I have everything to learn in gardening.
For more on Jenny Harris of Catkin Horticultural Arts visit her website.
Photos by Jenny Harris
18 responses to “Walk on the Wild Side”
Wow, You just took me on that lovely garden tour with you!🥰 And yes, children do have it right. Everything is special. Every leaf 🍁 every bug 🐜 every flower 🌺.Along with a Master Gardner we can always learn (and remember) so much more❤️ Absolutely delightful piece Kim.🥰
So true. I remember taking our girls when they were very young on a trail overlooking the seashore, and pointing out spectacular views–to which they gave a nodding glance.
But what I missed in butterflies and bugs was amazing!
Beautiful essay. I have to go see the garden for myself. The photos are great but I’m sure the reality is even greater.
Please do come see Jenny’s garden at the Family Resource Center.
And the Master Gardener Demo Garden next-door, where we grow produce for Friday Harbor Food Bank, on the other side of FRC.
Lovely! I have tried hugelculture in Western North Carolina, but not here in dry Colorado because the logs never decompose. Such a pretty garden. I hope to visit it with you one day, Kim.
Interesting… To move about, as we have, is like learning a new language in gardening, isn’t it?
Yes, I so want you to come stay with me.
Kim, what a beautiful, evocative, thoughtful post. I enjoyed it so much. Gardening in the sand… I’ll now want to consider it. Thank you.
Aside from grasses and such along seashores and what grows in the desert, I hadn’t ever considered planting in sand either. But according to Jenny, many are, particularly in Europe. (She’s been doing it since 2004).
Now, hold onto your hat. Jenny tells me “John Little of the Grass Roof Company, UK, is really pushing the limits and planting and gathering data on gardens planted in nothing but gravel, sand, and building rubble like crushed brick, glass, sinks and toilets, and concrete. It is proving to be remarkable for plants and pollinators. Anyone can do this anywhere, not just dry climates but very good for wet climates… and plants like it. It is a strong voice for the fact that we need flowering plants–all plants, no matter their origins or provenance, for insects and we need them NOW.”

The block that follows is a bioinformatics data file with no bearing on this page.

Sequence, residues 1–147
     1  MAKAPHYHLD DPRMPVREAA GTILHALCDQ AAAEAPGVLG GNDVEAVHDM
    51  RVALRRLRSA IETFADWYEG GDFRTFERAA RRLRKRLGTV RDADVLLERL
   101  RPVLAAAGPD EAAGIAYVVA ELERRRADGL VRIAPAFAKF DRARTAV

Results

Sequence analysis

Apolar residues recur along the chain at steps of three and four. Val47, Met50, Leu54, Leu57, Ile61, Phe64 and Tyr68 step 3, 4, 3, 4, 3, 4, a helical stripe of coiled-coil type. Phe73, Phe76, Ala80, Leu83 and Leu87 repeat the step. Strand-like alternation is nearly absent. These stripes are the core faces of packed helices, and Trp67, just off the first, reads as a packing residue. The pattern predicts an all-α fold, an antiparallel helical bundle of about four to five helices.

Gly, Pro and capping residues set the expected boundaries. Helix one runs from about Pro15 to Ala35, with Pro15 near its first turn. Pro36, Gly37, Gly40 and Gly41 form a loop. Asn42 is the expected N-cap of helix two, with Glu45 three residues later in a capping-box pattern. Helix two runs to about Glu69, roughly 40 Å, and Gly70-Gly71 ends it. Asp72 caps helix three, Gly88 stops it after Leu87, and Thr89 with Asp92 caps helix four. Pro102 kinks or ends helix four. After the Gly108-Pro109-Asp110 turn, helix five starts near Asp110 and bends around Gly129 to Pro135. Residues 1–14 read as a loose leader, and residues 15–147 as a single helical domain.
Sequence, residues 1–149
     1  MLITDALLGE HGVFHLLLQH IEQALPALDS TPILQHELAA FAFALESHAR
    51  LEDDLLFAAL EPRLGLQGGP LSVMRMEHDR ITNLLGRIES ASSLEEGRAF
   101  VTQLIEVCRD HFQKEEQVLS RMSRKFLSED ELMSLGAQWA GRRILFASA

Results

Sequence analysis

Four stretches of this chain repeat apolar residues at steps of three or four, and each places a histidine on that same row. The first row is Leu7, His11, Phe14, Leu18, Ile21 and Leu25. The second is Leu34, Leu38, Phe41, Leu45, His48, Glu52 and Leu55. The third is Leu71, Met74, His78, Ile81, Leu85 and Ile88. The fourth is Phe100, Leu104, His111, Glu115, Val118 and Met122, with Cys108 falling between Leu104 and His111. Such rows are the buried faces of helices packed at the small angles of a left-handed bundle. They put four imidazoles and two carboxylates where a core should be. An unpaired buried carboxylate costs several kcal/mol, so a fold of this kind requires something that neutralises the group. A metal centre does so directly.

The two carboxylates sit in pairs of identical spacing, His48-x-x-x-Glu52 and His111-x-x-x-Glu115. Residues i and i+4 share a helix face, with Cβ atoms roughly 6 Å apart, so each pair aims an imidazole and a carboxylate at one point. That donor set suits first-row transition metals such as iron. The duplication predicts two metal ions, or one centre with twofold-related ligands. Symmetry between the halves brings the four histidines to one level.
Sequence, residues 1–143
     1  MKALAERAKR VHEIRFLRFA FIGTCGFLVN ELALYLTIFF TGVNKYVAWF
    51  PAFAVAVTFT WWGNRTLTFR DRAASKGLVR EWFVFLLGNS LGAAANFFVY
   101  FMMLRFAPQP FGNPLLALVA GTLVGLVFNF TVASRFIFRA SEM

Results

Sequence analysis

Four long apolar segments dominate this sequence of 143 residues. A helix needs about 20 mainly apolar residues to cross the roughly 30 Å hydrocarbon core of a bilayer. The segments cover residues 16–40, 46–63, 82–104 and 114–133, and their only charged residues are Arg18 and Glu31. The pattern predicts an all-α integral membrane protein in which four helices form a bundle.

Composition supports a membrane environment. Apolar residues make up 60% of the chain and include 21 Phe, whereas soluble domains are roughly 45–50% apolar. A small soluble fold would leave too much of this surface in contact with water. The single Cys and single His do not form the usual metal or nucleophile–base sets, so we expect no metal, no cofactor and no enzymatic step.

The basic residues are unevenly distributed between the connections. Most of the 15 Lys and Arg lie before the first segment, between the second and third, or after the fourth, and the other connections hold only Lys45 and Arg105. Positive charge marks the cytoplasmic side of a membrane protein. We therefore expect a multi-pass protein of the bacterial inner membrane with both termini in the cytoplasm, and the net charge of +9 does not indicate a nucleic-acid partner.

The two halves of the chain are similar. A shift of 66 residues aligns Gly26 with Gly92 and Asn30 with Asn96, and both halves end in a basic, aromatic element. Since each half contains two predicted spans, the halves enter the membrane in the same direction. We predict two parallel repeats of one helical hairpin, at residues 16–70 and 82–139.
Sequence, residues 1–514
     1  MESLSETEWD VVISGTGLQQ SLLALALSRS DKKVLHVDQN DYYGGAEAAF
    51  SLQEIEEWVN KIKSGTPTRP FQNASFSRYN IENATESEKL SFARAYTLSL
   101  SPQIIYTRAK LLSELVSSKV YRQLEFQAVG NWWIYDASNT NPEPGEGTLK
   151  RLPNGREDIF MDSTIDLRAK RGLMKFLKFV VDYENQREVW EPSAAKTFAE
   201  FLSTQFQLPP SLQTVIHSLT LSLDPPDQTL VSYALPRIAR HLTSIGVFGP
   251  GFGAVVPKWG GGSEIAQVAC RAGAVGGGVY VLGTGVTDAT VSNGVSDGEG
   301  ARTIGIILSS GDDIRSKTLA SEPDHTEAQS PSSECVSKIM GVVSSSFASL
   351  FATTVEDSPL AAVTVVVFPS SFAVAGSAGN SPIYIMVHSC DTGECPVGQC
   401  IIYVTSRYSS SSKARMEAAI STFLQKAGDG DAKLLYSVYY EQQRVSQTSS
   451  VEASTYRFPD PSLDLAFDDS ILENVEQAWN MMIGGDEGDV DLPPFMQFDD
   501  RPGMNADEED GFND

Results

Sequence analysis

Hi, I didn’t get an email about your response or I would have written earlier. I have not heard of gardens being grown in the environments John Little has chosen. Though, come to think of it, we all have seen weeds — or flowers? — growing in deserted buildings or trash dump. Very interesting.
A walk in nature with grandson, Hunter Jack Blum, through a child’s eyes, as did Thor’s excursions with Noah, will be the ultimate shared experience.
I hope to go everywhere with Hunter, and when he can travel north let’s explore South Beach together. Two ladies in hats and a little dude.
Thanks for encouraging us to look closer Kim. I’ve enjoyed watching this garden vision coming to fruition. I think there is at least one more just starting in another public place in the Town of Friday Harbor. We are so fortunate here in this place.
This is how it happens, isn’t it? And yes, fortunate indeed.
A wonderful tour through a beautiful garden. I hope I can see it with my own eyes someday. I especially love your observations involving children in nature. I remember as a child myself loving to collect colorful fall leaves, acorns and small little wildflowers. My own children spent hours and hours with their nose to the ground collecting bugs, rocks and shells and sea creatures at the beach.
Beautiful piece, Kim.
Thank you. I know we are always recommending books to each other, but here’s another one, Last Child in the Woods: Saving Our Children from Nature-Deficit Disorder, by Richard Louv. As an educator and a grandmother now, you will find it a compelling read.
Thanks Kim. I will add it to my list. So many wonderful nature books out there. We are finally realizing that humans, both young and old, cannot survive physically, mentally or spiritually without appreciating the gifts of the natural world.
Kim, thank you for taking me back on that journey. Made me feel like I was right there again.
You are always with us, Marilyn.